More articles by

Kallol Bhattacherjee
Kallol Bhattacherjee


Their masters' voice

  • Loud and clear
    Loud and clear: R. Madhu Sudan interpreting for Modi at his meeting with Xi Jinping during the Chinese president's visit to India last year | Janak Patel
  • Gained in translation
    Gained in translation: Nilakshi Saha Sinha with Modi and French President Francois Hollande | Getty Images

Inadequate training and lack of opportunities hurt the interpreter cadre in the ministry of external affairs

During Prime Minister Narendra Modi's visit to Dhaka in June, the Pan Pacific Sonargaon hotel where he stayed, opened a small textile outlet for the Indian guests with a good number of the famous Jamdaanis on display. Nilakshi Saha Sinha, who was accompanying Modi as his interpreter, however, could not visit the stall because of the busy schedule. Finally, towards the end of the visit, she managed to sneak out and paid a visit to the stall. “In Dhaka I can take a bit of a chance, as Bangladeshis understand Hindi well and the PM will have no difficulty,” she said, rushing to the shop. She had every reason to be worried because during Modi's 14 foreign trips, she was his interpreter, effectively, his voice.

Nilakshi's choices are simple, fine saris, Bengali sweets from Delhi's CR Park and French literature. But she also knows how Modi's mind works, allowing her to frame his answers for leaders like Barack Obama and Françoise Hollande. “The prime minister prefers interpretation to be done directly to Hindi. He needs very little help since he grasps the language easily,” said Nilakshi. She is fluent in Hindi, Bengali and English, but her real competence remains French, which she studied in Paris. Deputy secretary Sipra Ghosh, the Russian expert, travelled with Modi as his interpreter during his recent visit to central Asia. The prime minister’s interpreters are reluctant to interact with media and, although Nilakshi spoke briefly to THE WEEK in Dhaka, Sipra refused to speak on record, underlining the pressure that the small group of interpreters was under.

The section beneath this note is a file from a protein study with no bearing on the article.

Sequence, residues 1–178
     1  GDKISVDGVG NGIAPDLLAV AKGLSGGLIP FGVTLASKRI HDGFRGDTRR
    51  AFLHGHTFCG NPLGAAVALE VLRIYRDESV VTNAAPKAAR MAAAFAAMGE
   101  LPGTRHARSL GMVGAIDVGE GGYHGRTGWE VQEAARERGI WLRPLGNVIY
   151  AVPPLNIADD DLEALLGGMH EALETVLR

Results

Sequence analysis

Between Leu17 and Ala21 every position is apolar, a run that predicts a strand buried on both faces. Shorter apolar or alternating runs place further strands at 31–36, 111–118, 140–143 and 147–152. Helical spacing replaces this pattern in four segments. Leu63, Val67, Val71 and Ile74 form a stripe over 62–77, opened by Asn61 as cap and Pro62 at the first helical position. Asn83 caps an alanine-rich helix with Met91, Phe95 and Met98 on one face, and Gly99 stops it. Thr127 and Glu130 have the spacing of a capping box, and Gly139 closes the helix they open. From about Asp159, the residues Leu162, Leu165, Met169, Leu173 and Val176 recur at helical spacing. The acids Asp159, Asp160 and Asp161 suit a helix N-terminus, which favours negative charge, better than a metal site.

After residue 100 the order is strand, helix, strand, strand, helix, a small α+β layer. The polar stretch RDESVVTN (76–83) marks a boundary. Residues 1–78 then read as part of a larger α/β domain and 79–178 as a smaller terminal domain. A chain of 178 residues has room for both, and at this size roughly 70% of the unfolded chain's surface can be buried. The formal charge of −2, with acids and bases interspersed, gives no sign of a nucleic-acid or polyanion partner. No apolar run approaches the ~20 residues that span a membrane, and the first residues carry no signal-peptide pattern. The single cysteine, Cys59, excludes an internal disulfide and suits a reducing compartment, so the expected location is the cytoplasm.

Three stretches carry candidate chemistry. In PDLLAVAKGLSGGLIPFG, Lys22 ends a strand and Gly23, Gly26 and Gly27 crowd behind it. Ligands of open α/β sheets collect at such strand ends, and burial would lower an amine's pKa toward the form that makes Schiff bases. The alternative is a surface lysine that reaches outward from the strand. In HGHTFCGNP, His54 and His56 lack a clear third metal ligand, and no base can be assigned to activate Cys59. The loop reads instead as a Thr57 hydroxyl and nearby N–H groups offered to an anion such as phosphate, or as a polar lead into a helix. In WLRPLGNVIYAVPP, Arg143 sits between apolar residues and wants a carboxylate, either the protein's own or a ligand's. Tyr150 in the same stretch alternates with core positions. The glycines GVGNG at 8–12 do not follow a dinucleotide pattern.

The interpreter cadre came into the limelight as Modi preferred to deal with the nuances of diplomacy in a language which he was more comfortable with. In his use of interpreters, he is different from External Affairs Minister Sushma Swaraj. The ministry's spokesperson Vikas Swarup said Sushma chose to stick to English in all official engagements abroad unless the host spoke in his native tongue.

The key task for the interpreters is to ensure that nothing is lost in translation and no misunderstanding or diplomatic embarrassment is caused by it. While interpreting for Modi during his interaction with Obama at Hyderabad House on January 25, Nilakshi, for instance, stuck to formal interpretation. So, while Modi was criticised for his first-name informality with the US president, Nilakshi was spared.

According to available estimates, only seven interpreters are stationed in South Block whereas 26 are posted abroad in various Indian missions. Deputy secretary Suniti Sharma, an emerging interpreter, belongs to this group of seven, but she is tasked with the propagation of Hindi at the international level. Apparently only two of this group are considered suitable for “principal”-level work.

Despite the importance of the task at hand, the interpreters are not trained well. At present, the ministry of external affairs sends its officers to the School of Foreign Languages in Delhi under the ministry of defence to sharpen their skills. Ironically, the Delhi-based Foreign Services Institute under the MEA, which is the primary training centre for budding diplomats, is yet to get a functional language faculty. The SFL offers courses only in six languages, leaving out strategic ones like Pashtu, Dari and Myanmarese.